Two hot terms in process improvement these days are Lean and Six Sigma. You might have heard of them, but what exactly do they mean and why should you care?
We asked Ric Van Der Linden, MAOM, and instructor of the Lean Six Sigma program, to explain the differences and evolution of the two.
"Both terms were originally born in the manufacturing industry. Lean was founded in the auto industry about 30 years ago and was primarily focused on the removal of waste and reduction of lead time. Lean was originally focused entirely on manufacturing, but it did not take long for other support functions in an organization like design, marketing, legal, and human resources to catch on and adopt lean practices. From there, Lean spread to other industries such as healthcare, biotech and other services. In my Lean classes I only have three or four students out of 18 who work in manufacturing. Ten years ago it would have been all 18."
"Six Sigma was developed by Motorola back in the mid eighties with the goal of improving quality by reducing variation or the number of errors in a process. Six Sigma is much more statically based, using software to analyze large amounts of data in order to identify variation."
So which makes more sense for you to do, lean or six sigma? Ric goes on to explain,
"Ideally you would want both together; it’s a logical fit. However, if you want to have more people doing more things, go with Lean since it is easier to understand than Six Sigma. Lean is about removing waste. You are taking away non-value adding steps and improving flow to achieve better speed with the overall result of getting things done sooner. In a nut shell: reduce lead time and speed will be better."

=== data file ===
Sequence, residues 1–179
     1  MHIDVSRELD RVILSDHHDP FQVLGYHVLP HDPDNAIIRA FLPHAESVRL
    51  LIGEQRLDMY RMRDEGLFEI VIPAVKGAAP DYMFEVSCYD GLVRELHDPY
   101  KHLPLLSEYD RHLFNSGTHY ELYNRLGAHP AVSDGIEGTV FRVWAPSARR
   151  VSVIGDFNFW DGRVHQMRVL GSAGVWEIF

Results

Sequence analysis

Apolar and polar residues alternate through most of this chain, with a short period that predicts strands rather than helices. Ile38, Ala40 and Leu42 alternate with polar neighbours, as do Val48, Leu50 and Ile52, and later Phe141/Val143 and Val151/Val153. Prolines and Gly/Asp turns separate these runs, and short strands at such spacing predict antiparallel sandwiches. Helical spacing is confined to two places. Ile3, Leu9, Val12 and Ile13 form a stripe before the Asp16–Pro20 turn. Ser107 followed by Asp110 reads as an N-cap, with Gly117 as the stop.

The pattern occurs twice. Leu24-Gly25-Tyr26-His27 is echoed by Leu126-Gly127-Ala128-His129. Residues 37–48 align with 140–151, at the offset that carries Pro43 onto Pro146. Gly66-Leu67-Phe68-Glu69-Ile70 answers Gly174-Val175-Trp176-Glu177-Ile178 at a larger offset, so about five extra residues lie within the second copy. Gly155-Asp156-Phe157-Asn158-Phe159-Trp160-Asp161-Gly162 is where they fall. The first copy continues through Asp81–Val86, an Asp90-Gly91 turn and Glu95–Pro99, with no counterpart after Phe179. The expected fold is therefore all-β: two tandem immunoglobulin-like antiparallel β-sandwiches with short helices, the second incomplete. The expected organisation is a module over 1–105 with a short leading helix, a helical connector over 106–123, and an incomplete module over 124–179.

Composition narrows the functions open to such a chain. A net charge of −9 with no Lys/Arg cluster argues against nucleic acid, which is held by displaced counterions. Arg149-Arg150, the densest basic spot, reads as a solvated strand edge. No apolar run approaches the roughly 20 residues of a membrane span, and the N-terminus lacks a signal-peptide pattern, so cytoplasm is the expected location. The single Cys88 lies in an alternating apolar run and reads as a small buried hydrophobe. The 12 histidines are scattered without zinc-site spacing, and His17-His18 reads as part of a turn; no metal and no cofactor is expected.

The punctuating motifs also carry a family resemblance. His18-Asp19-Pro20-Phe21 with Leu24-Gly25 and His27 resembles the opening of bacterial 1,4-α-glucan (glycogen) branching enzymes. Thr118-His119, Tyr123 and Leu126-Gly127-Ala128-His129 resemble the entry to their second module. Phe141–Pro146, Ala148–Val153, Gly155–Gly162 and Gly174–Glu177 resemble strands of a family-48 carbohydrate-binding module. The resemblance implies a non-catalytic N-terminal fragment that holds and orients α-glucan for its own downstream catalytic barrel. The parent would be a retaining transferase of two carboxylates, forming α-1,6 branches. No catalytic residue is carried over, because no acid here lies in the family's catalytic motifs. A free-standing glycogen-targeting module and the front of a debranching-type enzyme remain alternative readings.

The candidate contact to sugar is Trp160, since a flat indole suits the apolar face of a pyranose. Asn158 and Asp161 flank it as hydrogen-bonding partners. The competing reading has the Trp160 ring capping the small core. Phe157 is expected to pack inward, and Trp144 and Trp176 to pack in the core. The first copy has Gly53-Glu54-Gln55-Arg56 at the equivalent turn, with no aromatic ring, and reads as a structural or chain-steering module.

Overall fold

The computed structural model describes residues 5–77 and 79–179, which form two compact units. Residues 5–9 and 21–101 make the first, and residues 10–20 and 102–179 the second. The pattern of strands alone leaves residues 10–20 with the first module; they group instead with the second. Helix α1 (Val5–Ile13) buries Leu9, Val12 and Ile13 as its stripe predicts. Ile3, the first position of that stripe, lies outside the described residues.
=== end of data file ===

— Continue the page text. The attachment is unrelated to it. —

"Six Sigma applies additional steps after Lean methodologies have been implemented—now it’s time to reduce the variation."
"For example, if your company gets orders and this week you have 10 things to do, then next week you have nothing to do, and the following week orders roll in and there are 150 things to do, this is the kind of variation that’s hard for businesses to manage."
"In my class I teach how to measure variation. We are exploring control charts and doing Cpk analysis. In a couple of weeks we will be designing experiments. Six Sigma also requires special software skills because there are more calculations and the approach is very application based."
"Ultimately, the best choice for a process improvement course depends on the individual and the overall goals of a company."
To learn more about the Lean Enterprise or Lean Six Sigma Black Belt programs, attend an upcoming information session:
Both information sessions will be held at UC San Diego Extension University City Center, 6256 Greenwich Dr., San Diego. Parking is free. Program instructors, Ric Van Der Linden and Jerry Wright, will lead the sessions and answer questions.